Roxburgh children's camp may be closed

The children's village in Roxburgh run by Stand Children's Services Tu Maia Whanau could close. ...
The children's village in Roxburgh run by Stand Children's Services Tu Maia Whanau could close. (from left) Kaumatua Frances Diver, Chief Executive Dr Fiona Inkpen, board member Helen Eskett and Regional Operations Manager Dwight McDowell stand outside the Roxburgh Childrens Village. PHOTO: SIMON HENDERSON
Community leaders are shocked the Roxburgh children's camp is again facing the prospect of closure.

Stand Children's Services, which has run the camp since 2011, yesterday confirmed it was proposing to close its children's villages at Otaki and Roxburgh.

The change would affect 63 jobs across both regions - including 31 at Roxburgh - and mean 380 children a year would not be able to participate in the village trauma treatment programmes, Stand chief executive Dr Fiona Inkpen said.

The charity had not had a funding increase since 2009 and was facing a $3million funding shortfall, she said.

"Our hope is this will be a temporary measure and we will be working with Oranga Tamariki and the Ministry of Education to rebuild services in both regions.

"We believe there is no alternative trauma-focused treatment service for these children," Dr Inkpen said.

Central Otago Mayor Tim Cadogan said the news came out of the blue and his thoughts were for the staff and their families.

"This would be a troubling experience for them to go through.

"Plainly, the future of the village is in extreme jeopardy and it is a blow, not just for Roxburgh but for the children who would have to go as far as Christchurch before there was a service for them," he said.

Teviot Valley Community Board chairman Raymond Gunn, said the potential loss of jobs was significant for Roxburgh.

"It's gutting, actually, for the Teviot Valley. Some of them have been there a long time, too. It's been a significant part of their life and I feel for the people.

"It's not like Dunedin or somewhere where it is easy to get another job," he said.

It was not the first time the camp had faced the threat of closure.

In 2009, a public protest drew 300 people to march in Roxburgh when the service was threatened, after which the government approved an additional $1.5million of annual funding for the country's seven health camps, including Roxburgh.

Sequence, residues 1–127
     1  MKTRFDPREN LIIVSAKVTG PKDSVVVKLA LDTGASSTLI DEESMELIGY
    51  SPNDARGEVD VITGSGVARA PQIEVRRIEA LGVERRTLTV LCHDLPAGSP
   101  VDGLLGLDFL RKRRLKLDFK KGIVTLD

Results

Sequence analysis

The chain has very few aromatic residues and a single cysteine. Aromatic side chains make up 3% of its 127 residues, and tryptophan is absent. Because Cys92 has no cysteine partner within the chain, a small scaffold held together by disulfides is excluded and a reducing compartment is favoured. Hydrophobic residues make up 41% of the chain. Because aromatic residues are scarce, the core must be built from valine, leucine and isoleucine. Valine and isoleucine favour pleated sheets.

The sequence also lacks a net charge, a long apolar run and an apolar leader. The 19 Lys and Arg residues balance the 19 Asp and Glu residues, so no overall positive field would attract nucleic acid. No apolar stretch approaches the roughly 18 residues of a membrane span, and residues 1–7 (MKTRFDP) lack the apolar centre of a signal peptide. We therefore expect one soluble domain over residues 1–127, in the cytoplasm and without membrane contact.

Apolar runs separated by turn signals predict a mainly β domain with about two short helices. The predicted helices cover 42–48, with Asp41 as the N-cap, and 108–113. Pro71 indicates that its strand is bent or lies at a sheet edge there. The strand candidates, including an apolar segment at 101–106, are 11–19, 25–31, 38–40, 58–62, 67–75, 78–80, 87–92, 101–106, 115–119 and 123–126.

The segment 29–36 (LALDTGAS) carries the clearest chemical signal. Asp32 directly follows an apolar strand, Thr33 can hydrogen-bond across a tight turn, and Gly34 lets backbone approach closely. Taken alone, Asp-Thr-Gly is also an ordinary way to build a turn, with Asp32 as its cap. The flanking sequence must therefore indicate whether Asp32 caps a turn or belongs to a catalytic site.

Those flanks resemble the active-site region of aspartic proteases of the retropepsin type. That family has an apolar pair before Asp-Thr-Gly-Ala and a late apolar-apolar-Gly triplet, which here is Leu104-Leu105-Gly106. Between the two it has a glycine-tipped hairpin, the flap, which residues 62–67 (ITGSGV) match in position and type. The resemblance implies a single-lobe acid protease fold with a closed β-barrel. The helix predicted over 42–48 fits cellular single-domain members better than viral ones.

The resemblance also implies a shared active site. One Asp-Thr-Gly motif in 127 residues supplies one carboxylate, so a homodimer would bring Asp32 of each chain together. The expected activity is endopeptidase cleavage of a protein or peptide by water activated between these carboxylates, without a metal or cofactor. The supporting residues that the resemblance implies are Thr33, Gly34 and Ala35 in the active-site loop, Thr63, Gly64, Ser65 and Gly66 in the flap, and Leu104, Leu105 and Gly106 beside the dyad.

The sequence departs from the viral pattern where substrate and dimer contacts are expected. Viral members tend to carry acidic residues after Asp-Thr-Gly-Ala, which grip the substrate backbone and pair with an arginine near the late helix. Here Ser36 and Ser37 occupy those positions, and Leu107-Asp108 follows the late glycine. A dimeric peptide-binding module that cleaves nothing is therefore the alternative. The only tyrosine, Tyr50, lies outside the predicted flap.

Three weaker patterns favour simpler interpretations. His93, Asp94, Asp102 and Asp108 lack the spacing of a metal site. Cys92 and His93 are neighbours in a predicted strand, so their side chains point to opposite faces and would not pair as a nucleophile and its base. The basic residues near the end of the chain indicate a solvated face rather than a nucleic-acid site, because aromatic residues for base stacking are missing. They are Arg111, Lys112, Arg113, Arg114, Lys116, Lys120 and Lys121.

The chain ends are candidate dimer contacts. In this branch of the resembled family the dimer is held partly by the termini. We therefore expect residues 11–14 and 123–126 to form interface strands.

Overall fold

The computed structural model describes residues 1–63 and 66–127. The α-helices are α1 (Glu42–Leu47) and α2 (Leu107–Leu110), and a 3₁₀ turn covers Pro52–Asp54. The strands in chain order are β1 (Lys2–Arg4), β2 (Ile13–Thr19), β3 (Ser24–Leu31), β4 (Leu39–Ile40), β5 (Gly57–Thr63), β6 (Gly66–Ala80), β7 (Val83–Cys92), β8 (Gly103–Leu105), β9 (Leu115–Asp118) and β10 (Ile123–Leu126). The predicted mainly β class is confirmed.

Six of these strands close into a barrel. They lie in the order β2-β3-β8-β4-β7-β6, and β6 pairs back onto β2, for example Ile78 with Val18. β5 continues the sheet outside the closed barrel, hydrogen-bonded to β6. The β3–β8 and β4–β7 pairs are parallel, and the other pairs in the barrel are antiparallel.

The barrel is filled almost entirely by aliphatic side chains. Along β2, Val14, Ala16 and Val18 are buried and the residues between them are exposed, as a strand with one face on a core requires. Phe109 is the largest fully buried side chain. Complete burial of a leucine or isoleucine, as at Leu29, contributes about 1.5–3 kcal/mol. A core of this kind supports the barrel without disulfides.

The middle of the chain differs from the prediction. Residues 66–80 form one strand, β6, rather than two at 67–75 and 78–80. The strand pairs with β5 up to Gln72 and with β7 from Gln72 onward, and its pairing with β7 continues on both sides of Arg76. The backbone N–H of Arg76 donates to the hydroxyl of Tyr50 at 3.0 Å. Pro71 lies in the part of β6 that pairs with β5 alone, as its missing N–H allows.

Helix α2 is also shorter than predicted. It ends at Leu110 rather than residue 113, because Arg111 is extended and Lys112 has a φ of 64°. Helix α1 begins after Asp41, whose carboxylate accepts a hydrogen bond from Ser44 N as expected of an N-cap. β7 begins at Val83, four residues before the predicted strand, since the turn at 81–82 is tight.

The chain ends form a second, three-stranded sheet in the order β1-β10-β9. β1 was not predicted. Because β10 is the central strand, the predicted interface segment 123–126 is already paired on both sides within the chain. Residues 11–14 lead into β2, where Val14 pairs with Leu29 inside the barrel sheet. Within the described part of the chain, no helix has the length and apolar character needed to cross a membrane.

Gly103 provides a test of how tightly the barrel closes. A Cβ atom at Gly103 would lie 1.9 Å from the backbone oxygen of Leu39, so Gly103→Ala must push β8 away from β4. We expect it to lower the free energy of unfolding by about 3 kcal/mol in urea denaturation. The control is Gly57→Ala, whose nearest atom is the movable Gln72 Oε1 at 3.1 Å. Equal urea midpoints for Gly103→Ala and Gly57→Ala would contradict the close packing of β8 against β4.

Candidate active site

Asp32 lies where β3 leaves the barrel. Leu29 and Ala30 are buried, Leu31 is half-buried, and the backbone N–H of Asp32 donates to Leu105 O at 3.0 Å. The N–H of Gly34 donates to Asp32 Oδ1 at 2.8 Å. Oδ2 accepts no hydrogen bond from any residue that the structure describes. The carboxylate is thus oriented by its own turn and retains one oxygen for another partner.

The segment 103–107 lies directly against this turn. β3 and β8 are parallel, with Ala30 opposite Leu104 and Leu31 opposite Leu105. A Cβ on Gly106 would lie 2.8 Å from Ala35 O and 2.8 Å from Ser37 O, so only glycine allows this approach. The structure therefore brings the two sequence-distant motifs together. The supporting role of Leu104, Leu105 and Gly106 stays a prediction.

Mr Gunn was not sure another protest would help this time, saying there had been a funding shortfall for many years.

Large projects like the rebuild of Dunedin Hospital might also make funding for the children's village less of a priority, he feared.

Stand Otago-Southland regional operations manager Dwight McDowell, who has worked at the Roxburgh camp for 15 years, said staff and the Public Service Association were being consulted about the proposed change.

Close to 300 children each year spent time at the Roxburgh site, but Mr McDowell said that number did not include families and siblings who often stayed alongside each child.

"We also work with their families and their siblings or extended families, who do stay and participate on-site for various programmes and at various times.

"If the village is closed, the therapeutic care and education service will not be able to be accessed in this region," he said.

In a statement yesterday, Dr Inkpen said increasing operating costs - including a pay rise for its staff last year - had been split 50/50 between Stand and Oranga Tamariki for the 2017-18 year.

However, Stand needed to find another $3million, an increase of 18%, to cover its share of rising costs, she said.

It had met operational shortfalls in the past by dipping into its own reserves, including selling unused land, but those avenues were now exhausted.

Despite that, Dr Inkpen wanted to "reassure our children and families that Stand is not going anywhere".

"The villages are one aspect of the services we provide and while it would be very sad to close these two, our priority remains supporting children and their families to be safe, healthy and functioning well."

 

 

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